(WiiWare)

Fishie Fishie (WiiWare)

Game Review

Fishie Fishie Review

USA USA Version

Posted by Sean Aaron

All-you-can-eat fish feeding frenzy

Fish have been a staple of games ever since Herman Melville adapted Moby Dick for Babbage's legendary Difference Engine and the posthumous sequel, Moby Dick 2: Queequeg's Revenge, was published for the PDP-11 . Certainly on WiiWare we've seen some real blockbusters centred around our finny cousins, prompting many forumites to declare that merely the presence of fish in a WiiWare title is a recipe for success. DK Games' treatment of the downloadable game from Farbs certainly fills the net for Wii gamers with water on the brain, offering up several play modes for solo or multiplayer enjoyment, all played with a mere press of the (A) button.

Your titular fishie is continually starving thanks to having a "hole in his stomach" (according to the in-game tutorial) and must eat smaller fishies to survive through multiple game modes, including Story, Survival, Skill Run, Capture the Star and Soccer. You may well wonder how you could possibly control an ever-hungry fish with a single button, but the explanation is both simple and elegant. Your fish is constantly swimming in circles: pressing (A) reverses the direction of travel and pressing (A) repeatedly results in a forward swimming action with more rapid presses producing a burst of speed, a la Sega's Ecco the Dolphin. To ensure you get the hang of things you'll have tutorials to walk you through basic moves and supplements which address mechanics specific to the different play modes included.

There are two broad categories: Quick Play and Championship, which have a couple of overlapping play modes, but can be thought of more or less as collections of single player and multiplayer games. Each game mode can be played at Easy, Normal or Hard difficulty, with their own unique stages and different medals to achieve. Outside of Story Mode and Skill Run, all games feature four players, with any player not controlled by a human given life by the CPU.

As single player affairs, Story Mode, Skill Run and Survival are the most successful. In Story Mode players are tasked with completing four sets of five levels in each of the three difficulties. Your score increases as you eat fish without pause; if you go for more than a second or two between bites you'll lose your multiplier and end up with a lower score. You need to complete all five levels in the set to get a score recorded – not an easy task even on Easy difficulty because your fish dies if it goes without eating for too long, and mastering the single-button controls can prove to be a challenge even for experienced gamers. Though there is some frustration to be experienced due to the requirement to eat every fish to finish a level, it's not too bad thanks to the ability to quickly have another go without repeating the levels you've already completed (assuming you don't choose to quit) and you'll find with a bit of practice you'll be eating fish with the best of them. The difficulty ramps up gradually with static fish patterns giving way to fish that swim away from you and finally the introduction of "nasty fish" who hurt you if you touch them and serve as obstacles.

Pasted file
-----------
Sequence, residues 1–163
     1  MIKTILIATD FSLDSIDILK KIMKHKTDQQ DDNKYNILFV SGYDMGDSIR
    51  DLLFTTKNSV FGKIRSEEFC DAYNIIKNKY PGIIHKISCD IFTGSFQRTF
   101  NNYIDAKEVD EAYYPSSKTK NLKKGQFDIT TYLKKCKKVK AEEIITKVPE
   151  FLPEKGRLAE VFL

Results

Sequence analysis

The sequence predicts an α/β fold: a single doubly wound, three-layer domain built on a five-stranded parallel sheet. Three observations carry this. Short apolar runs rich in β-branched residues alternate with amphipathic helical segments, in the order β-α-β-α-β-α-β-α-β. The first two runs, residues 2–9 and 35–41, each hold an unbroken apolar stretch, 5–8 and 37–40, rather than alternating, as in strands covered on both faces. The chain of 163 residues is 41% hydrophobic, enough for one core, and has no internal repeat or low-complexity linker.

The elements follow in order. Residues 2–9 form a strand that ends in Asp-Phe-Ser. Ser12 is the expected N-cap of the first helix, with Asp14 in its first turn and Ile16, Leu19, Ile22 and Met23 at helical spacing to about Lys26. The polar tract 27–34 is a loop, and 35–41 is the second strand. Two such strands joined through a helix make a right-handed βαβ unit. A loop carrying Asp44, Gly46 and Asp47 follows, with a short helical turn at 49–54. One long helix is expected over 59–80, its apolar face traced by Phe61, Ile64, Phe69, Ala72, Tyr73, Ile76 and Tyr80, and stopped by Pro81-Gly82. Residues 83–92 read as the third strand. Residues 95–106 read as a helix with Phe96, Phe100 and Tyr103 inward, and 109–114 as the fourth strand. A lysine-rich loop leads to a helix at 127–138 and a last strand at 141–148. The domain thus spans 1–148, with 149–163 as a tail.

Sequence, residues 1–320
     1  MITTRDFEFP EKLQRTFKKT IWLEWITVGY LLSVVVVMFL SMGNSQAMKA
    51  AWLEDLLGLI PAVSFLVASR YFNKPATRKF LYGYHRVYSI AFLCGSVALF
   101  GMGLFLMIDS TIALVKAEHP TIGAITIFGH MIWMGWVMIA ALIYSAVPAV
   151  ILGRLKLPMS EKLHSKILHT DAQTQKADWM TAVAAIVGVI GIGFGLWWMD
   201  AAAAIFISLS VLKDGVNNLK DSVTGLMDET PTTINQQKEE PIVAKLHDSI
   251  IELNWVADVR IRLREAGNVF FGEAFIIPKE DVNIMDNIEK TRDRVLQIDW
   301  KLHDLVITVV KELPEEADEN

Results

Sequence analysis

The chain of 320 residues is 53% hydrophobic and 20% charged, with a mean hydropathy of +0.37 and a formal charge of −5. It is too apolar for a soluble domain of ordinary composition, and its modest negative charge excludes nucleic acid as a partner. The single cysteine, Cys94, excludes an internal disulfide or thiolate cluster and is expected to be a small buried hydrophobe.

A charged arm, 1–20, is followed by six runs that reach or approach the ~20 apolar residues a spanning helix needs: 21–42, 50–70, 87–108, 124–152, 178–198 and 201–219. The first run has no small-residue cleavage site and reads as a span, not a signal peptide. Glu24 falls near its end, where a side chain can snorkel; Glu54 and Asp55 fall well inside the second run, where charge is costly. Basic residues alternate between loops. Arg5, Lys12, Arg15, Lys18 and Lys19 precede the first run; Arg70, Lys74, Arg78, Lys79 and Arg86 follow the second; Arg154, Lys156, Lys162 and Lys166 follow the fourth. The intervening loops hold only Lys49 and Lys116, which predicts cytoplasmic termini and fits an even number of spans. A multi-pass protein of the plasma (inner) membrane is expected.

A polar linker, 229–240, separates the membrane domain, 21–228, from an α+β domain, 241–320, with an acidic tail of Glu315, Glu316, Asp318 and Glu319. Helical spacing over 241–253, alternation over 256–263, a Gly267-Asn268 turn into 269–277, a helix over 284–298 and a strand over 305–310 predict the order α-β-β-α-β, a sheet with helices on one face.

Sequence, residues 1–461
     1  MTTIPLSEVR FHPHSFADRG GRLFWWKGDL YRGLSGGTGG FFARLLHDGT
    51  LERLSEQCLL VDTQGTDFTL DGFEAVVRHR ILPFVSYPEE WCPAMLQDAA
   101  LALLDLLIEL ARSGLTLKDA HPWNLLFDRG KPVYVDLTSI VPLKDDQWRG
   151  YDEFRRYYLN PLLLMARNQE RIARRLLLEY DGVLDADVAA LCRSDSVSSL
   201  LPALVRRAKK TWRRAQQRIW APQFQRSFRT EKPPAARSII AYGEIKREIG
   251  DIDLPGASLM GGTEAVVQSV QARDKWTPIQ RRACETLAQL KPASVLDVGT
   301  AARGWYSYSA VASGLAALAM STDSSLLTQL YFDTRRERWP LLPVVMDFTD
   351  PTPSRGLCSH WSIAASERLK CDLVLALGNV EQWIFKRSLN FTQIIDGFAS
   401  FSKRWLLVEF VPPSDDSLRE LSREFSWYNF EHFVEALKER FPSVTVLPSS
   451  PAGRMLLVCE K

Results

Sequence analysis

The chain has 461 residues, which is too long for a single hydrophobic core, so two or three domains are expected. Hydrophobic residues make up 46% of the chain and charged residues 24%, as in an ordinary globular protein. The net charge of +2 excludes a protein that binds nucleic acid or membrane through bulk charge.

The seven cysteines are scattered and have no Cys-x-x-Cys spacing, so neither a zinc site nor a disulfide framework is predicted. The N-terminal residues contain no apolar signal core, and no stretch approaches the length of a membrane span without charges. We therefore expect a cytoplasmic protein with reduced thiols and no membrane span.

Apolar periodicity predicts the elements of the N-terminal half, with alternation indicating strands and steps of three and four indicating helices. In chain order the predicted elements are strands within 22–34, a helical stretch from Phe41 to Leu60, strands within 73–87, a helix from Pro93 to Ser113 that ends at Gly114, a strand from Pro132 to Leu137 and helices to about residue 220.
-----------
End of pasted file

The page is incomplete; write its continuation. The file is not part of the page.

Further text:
Skill Run is essentially about players mastering the controls with the only competitive aspect being to eat a string 10 fish before time runs out (and before other players in a multiplayer match). Each player has their own target fish with a five second timer on it; if it runs out before you reach it your game is over, but if you manage to eat it in time a new one will spawn elsewhere on the level and the process will start again. There are 2-second boost items which will add to the clock, but otherwise it's all about precision. As you increase in difficulty the target fish will swim away from you and then those nasty fish will show up to get in your way.

Survival is a 4-player game in which the difficulty is married to the score required to win: 5, 10 or 15 levels; with players 2-4 being played by the CPU if you don't have anyone else to play with. You play through a series of levels until only one player remains who gets the point. Levels appear to be a random selection from the Story Mode of play which will sometimes repeat, but competing to get the most fish keeps things fresh. It's fast-paced and works well either alone or with others.

Less successful as single-player games are the Capture the Star (capture the flag, but with a starfish instead of a flag) and Soccer variants, simply because your AI teammate will act without any regard to your actions, making it very difficult to win against the AI team which actually behaves like a team. In these games little fish are present to bump up your health along with bonus items that have gameplay affects like slowing down the action, speeding up your fish or temporarily surrounding your goal with nasty fish. Multiplayer is clearly where these games shine with frantic button-pressing as you jostle with other players to hit a ball through a goal or run a starfish back-and-forth between bases. If you only have one other person to play with you can play a co-op match against the CPU or face-off with AI teammates in tow in either a one-off match or full multi-game tournament. For those with only a couple of Remotes, it's nice to know that other players can use the Nunchuk if necessary, pressing (Z) instead of (A) to make their fishies swim.